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TV Review: CSI:NY – “What Schemes May Come”

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When Det. Stella Bonasera (Melina Kanakaredes) and Det. Don Flack (Eddie Cahill)
investigate a man’s death, they do not realize they will soon be dealing with a complicated crime. The victim is dressed in a coat of armor, which could have come from any costume shop. A blood trail puts the primary crime scene in Central Park.

Little evidence is available to unearth the killer, but help comes from another crime scene. Det. Lindsay Monroe (Anna Belknap) and Dr. Sheldon Hawkes (Hill Harper) go to a fancy hotel room to find another man dead. The cause of death is clear, stabbing by icepick.

Although it is different from the chest wound the first victim had, Dr. Sid Hammerback (Robert Joy) discovers someone closed the eyes of both men after they died. It was a blond female who smoked pot, but they cannot narrow it down beyond that. Further investigation reveals a link to a support group for people with cancer.

The case finally comes together. The two men, along with the blond woman who helped to kill them both, made a suicide pact. None of the three wanted to live with their illness, so they each died as they most wanted.

Stella talks to someone who tried to stop the first two deaths, but couldn’t. She says she did not take her own life because she chickened out at the last minute. The detective does not reveal anything about possibly being infected with HIV, but the conversation hits home. She goes to Det. Mac Taylor (Gary Sinise) and asks him to authorize a test for HIV. She knows it would be performed in-house, with the help of one of their colleagues. After a bit of thought, he agrees. Stella wants to live out her life to the fullest, HIV or not.

Mac has a crisis of his own after a corpse is stolen before it can reach the morgue. Dr. Peyton Driscoll (Claire Forlani) is hurt, but shaken. The call to Mac from Det. Danny Messer (Carmine Giovinazzo) sends Mac racing through the lab to get to his girlfriend, and to find out what went wrong.

Since Peyton was hit from behind, she cannot give a good description of the getaway vehicle or its driver. A suspect is soon located, but more evidence is needed to determine if he is responsible for the attack.

The missing corpse is pulled out of a river, but when Peyton unzips the bag, she gets the shock of her life. He opens his eyes and starts gasping for breath. This is not supposed to happen, but Mac steps in and tells the ambulance crew to get the once-dead-now-alive man to the hospital.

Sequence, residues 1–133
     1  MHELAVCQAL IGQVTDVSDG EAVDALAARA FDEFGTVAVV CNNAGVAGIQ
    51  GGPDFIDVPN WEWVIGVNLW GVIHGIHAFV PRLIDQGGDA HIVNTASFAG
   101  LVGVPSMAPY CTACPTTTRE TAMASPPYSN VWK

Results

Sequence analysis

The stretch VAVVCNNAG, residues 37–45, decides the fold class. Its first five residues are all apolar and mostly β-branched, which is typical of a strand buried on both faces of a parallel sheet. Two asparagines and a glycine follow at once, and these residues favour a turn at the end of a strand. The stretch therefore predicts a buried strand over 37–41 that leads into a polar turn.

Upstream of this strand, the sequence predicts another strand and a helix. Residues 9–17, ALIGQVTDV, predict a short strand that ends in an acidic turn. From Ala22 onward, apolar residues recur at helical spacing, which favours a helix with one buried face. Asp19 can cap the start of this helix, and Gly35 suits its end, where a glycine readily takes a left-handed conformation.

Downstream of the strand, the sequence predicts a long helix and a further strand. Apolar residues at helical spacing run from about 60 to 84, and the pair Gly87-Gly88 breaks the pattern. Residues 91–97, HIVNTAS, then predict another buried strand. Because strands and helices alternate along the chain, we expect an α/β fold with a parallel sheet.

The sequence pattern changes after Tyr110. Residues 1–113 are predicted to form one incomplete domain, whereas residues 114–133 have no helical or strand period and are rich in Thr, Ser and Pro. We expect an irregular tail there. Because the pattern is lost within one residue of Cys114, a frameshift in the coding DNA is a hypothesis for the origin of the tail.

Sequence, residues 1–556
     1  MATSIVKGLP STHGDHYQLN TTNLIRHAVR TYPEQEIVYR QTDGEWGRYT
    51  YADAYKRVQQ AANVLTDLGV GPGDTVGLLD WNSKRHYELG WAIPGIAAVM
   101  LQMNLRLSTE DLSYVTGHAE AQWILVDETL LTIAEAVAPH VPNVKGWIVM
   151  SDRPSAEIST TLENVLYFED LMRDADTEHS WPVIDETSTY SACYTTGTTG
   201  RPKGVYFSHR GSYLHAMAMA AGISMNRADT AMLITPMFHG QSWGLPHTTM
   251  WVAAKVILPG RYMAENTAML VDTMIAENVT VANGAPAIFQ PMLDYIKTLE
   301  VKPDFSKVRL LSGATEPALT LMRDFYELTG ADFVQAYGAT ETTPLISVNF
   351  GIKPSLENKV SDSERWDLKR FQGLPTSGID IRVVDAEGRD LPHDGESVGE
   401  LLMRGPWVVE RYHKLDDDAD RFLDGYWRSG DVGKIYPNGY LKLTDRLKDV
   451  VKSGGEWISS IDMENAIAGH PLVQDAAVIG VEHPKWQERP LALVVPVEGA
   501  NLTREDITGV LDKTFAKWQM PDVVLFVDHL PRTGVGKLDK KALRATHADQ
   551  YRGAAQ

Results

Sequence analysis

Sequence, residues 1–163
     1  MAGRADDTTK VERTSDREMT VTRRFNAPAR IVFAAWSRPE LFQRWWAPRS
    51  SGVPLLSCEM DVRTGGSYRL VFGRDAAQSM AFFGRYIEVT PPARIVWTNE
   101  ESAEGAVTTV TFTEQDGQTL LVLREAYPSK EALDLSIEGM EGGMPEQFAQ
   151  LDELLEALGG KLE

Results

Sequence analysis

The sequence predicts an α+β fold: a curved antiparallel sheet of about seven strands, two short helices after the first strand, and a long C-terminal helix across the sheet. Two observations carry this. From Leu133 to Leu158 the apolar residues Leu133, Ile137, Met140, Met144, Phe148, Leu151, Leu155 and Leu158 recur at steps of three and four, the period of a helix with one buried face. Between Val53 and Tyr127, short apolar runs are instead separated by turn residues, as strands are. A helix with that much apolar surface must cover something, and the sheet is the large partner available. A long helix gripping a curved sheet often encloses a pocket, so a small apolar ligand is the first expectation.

Peyton is now more confused. She was the doctor who pronounced death, and double checked to make sure. A toxicology screen finds anticoagulants in their victim, in massive doses. Mac has an idea about how the ruse could have been pulled off.

He shows Peyton how hibernation can be induced so it looks as though a rat has expired, when all it needs to come back to life is oxygen. This leads him to a genetics teacher, experimenting with the hibernation concept, who compromised his own test.

When the victim was working in his lab, he ingested silver nitrate plus other things to make him collapse into oblivion. The instructor thought he had really perished, and helped dump him into the river. Even though the student survived, this last action is attempted murder. Mac arrests both instructor and his accomplice.

This episode was convoluted, to say the least. Three deaths on the same case? Ouch. However, the theme for both was clearly demonstrated. Life may hand you less than a bouquet of roses, but there is something to be said for making a decision you can live with. As for the ongoing HIV storyline, it is going to be interesting to see how this plays out. Stella finally told her boss what happened, and who knows how many others have heard via office water cooler. Be that as it may, everyone will know for certain once Adam gets started on the test. Mac had to have thought of the implications for a potentially immune-system compromised cop working in a crime lab. Fasten your seat belts, you’re going to be headed for a bumpy ride.

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